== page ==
University of Wollongong student Zac Jory knows all too well how young people can be taken advantage of in the workforce.
Mr Jory, 26, was underpaid about $20,000, worked long hours and didn't get penalty rates or overtime while he was employed for more than two years at an Illawarra-based recreation company.
The international studies student unionised with fellow workers and he ended up settling with the company for a fraction of the cost of his lost wages.
That's why Mr Jory wanted to share his experience with Wollongong MP Paul Scully and shadow minister for finance, small business and the gig economy Daniel Mookhey when they visited UOW on Thursday to discuss wage theft in the city.
Mr Jory said he and his housemate had spoken to dozens of students who had been treated "horrendously" by employers who were underpaying them.
"These people struggle to pay rent, get groceries, they have to work extra long hours which affects their studies," he said.
"They struggle to find work and have to settle for sub-par wages."
Mr Jory felt there were several businesses in the Illawarra that "preyed" on students because they were vulnerable and needed to work to pay for their studies and living expenses. This often forces many young employees to stay in underpaying jobs.
The student said many young people felt vulnerable and helpless when they approached their employer to ask for the correct wage.
He's heard stories of some employers threatening to fire the employee or intimidate them.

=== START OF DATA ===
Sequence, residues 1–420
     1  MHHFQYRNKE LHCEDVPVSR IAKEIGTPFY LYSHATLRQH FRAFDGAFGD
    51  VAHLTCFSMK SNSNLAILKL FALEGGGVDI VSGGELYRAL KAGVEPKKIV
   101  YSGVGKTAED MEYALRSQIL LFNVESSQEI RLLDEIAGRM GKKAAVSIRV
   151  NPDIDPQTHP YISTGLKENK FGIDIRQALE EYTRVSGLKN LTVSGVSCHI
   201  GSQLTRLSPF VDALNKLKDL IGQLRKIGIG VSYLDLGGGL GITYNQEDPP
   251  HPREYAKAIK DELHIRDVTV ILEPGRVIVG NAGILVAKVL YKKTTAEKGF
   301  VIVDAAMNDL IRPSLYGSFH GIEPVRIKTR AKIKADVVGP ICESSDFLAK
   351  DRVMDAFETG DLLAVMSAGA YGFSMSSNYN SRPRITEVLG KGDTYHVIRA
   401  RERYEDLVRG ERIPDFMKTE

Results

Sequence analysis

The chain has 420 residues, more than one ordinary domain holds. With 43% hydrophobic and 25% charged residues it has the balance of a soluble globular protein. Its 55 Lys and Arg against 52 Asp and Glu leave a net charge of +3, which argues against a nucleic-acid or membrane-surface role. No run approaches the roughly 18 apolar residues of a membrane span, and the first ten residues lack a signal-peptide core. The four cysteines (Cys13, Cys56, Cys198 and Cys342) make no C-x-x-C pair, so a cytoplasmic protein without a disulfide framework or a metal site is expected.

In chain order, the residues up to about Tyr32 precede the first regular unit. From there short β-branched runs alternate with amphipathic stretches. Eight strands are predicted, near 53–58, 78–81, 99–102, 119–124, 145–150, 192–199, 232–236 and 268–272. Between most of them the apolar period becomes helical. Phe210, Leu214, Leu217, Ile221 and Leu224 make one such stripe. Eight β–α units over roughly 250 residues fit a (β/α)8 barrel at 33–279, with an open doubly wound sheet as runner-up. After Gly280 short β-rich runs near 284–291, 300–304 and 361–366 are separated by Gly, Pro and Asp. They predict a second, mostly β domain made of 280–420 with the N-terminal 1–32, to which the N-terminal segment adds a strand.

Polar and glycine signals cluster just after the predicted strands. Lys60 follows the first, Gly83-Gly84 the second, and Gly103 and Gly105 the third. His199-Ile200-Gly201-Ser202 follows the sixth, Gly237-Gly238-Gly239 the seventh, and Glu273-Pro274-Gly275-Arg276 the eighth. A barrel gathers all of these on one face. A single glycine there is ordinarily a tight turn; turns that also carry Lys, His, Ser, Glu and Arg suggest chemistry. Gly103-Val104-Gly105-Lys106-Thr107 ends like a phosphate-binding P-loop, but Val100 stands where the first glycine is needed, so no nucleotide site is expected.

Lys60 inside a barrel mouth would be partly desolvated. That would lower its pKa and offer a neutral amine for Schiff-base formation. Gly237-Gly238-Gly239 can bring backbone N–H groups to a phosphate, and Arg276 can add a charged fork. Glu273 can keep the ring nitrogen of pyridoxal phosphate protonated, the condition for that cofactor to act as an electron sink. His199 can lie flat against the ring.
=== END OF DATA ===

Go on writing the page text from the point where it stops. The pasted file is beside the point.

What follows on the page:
It's stories like Mr Jory's and other students which will help Mr Mookhey understand how politicians can try to stamp out wage theft.
"We want the Wollongong economy to be profitable enough to pay all business owners high returns and we want it to be productive enough to pay workers high wages," he said.
Mr Mookhey said wage theft robbed workers who weren't getting paid what they are legally entitled to and robbed every other business that complies with the law.
That's why NSW Labor wants to modernise the law and see deliberate wage theft criminalised.
Mr Scully said smaller businesses tended to engage in wage theft because sometimes the employer did not know the regulations while others knowingly underpaid staff.
"We have to make sure businesses and workers know what they are entitled to and what they should be paying or getting paid," he said. "If businesses are seeking a competitive advantage by ripping off their workers than that is unfair."
Mr Jory and Mr Scully had the same advice for young people who think they are being underpaid - unionise.